If you have kids, you probably watched Marc Brown’s Arthur at some point in time. Did you see the Arthur episode with Neil Gaiman? Sue Ellen, the cat, is at a book signing. Neil Gaiman asks her if she’s a writer, but because she writes and draws, she doesn’t know where she fits in. He tells her about graphic novels, something he’s also done, so she reads one and becomes inspired to work on one herself. As she begins exploring creativity, she creates a story.

Her friends don’t understand her work, though, and she becomes discouraged. Gaiman consoles her, saying that her friends are clearly interested in her story, even if they don’t understand it or even like it. She takes his advice to heart and continues creating.

In other words, her work has begun a conversation, but it could only happen because she engaged in conversation first, both literally (by talking to Gaiman) and figuratively (by reading a graphic novel, something she’d never heard of before).

(If you want an easy book to read about developing your own voice, read Arthur Writes a Story, by Marc Brown.)

But You Don’t Have to Publish

Sue Ellen likely hopes to publish someday, but you don’t have to. Ever. You can create your own art (painting, dancing, composing, drawing, whatever) in your own private space, where no eyes will ever cast their gaze upon it.

And that’s totally fine!

But in order to help you develop your sense of who you are and how your voice sounds, you need to expose yourself to others’ art and let it touch you.

Vulnerability and Art

Of the works that speak to you, some will really hit you, sometimes in surprising ways. In my experience, that “hit” is to my most vulnerable spot, the spot I need to open up in my writing so that it’s Lori the Author writing and not Lori the Copywriter.

“We’re in a culture that doesn’t sit you down and make you look at your vulnerability and make you ask questions about it,” says Copp.

Opening up your vulnerability in your art doesn’t mean you have to let out your deep secrets. This isn’t Catholic confession we’re talking about here: you’re exploring creativity. Therefore, it’s about opening up the parts of you that are scared to come out. This will likely never be one massive explosion of exposed vulnerability: it’ll be a trickle.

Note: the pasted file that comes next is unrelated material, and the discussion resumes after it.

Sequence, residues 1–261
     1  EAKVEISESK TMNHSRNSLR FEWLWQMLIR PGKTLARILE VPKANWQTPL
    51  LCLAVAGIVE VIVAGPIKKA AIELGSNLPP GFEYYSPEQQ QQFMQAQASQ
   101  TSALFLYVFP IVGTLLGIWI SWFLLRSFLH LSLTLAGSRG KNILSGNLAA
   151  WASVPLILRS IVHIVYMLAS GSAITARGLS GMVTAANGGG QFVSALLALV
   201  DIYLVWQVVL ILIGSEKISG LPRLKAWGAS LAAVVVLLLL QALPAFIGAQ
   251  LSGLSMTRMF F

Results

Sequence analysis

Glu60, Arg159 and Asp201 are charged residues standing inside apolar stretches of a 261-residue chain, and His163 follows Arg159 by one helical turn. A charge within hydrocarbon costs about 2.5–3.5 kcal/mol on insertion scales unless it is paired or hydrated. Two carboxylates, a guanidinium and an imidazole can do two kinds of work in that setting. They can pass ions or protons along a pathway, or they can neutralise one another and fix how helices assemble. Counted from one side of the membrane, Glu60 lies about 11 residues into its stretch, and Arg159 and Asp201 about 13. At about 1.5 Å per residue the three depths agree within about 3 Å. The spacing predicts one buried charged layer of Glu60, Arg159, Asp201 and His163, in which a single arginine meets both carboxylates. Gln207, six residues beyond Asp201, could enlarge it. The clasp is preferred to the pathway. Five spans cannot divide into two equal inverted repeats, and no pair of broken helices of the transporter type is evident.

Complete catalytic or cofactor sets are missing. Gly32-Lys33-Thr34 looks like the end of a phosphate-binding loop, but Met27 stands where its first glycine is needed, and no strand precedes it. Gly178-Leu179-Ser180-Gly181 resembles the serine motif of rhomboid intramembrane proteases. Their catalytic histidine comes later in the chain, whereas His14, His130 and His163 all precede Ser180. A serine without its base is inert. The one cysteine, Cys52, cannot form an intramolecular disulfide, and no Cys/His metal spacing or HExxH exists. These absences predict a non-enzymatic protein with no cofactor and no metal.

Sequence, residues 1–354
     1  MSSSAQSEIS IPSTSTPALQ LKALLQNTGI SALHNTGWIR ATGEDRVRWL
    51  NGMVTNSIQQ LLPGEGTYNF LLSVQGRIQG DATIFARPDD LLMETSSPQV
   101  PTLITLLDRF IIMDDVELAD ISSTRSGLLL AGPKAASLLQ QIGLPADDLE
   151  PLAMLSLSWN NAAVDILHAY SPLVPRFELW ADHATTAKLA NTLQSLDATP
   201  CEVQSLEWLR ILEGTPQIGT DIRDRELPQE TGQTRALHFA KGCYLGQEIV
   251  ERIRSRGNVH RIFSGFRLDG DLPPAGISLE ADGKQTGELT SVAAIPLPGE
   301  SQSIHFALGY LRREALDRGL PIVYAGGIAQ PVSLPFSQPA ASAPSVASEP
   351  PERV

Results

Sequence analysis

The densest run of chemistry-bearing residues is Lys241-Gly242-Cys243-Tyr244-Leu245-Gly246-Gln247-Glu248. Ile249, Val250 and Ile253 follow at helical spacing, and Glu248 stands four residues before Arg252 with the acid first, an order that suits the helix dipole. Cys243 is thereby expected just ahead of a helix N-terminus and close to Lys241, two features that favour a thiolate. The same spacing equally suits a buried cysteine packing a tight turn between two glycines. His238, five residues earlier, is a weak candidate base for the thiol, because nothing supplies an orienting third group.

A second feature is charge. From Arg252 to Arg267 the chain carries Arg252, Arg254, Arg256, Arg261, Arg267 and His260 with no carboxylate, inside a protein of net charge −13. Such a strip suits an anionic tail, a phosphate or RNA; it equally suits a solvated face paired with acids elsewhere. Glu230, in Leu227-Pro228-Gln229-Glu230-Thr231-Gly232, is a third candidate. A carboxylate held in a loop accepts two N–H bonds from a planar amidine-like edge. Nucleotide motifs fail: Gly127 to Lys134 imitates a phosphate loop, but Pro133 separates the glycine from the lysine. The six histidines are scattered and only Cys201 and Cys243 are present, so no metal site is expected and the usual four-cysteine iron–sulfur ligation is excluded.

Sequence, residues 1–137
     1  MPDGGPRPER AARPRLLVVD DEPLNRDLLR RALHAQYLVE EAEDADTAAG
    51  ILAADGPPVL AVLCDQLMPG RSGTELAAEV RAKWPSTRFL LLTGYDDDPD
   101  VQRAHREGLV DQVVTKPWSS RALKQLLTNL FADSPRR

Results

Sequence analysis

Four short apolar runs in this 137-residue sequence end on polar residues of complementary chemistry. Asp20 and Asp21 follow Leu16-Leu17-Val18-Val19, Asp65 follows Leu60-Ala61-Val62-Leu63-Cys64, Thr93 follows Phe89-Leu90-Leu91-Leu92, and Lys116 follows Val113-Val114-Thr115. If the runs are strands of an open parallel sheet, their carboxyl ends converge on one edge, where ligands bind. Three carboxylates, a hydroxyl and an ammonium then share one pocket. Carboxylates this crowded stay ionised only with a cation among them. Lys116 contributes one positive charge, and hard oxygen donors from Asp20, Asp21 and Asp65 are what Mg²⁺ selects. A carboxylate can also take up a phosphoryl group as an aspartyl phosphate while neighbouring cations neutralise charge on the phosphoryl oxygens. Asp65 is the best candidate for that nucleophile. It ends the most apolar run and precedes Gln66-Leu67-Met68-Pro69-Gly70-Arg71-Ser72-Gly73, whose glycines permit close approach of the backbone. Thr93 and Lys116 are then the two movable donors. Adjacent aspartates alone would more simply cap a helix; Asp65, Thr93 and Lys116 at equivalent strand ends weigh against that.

And again, that’s okay!

Encourage that trickle by returning to your art and seeing if you can notice where you’ve closed up and need to open yourself. I notice it in my work where I suddenly have my protagonist move into a scene that doesn’t naturally flow with the story.

“We have this incredible facility for healing,” says Copp, “and that facility, I think, really comes about for the people who are creating and continue connecting themselves to their [artistic] work. If you’re just technical and talented, and you ride on that, you won’t go through that journey.”

Exploring Creativity Isn’t a Crap Shoot

As I keep emphasizing, creativity isn’t some random talent you’re either born with or aren’t, and Copp sees things the same way. In fact, he feels that people born with a strong talent in a skill often misconstrued as creativity can actually fall into a trap that hinders their creativity.

“I think that our cultural assumptions, that someone who is born with an artistic talent is creative, is faulty,” he says. “That they were born with grace and flexibility and balance, all those things, none of that makes them creative.”

Again, just because some people are born with certain aptitudes does not make them creative. You have to explore creativity, not just replicate it.

“The fact that you can land a quadruple [pirouette], good for you. That doesn’t make you a creative person,” Copp emphasizes (like I do).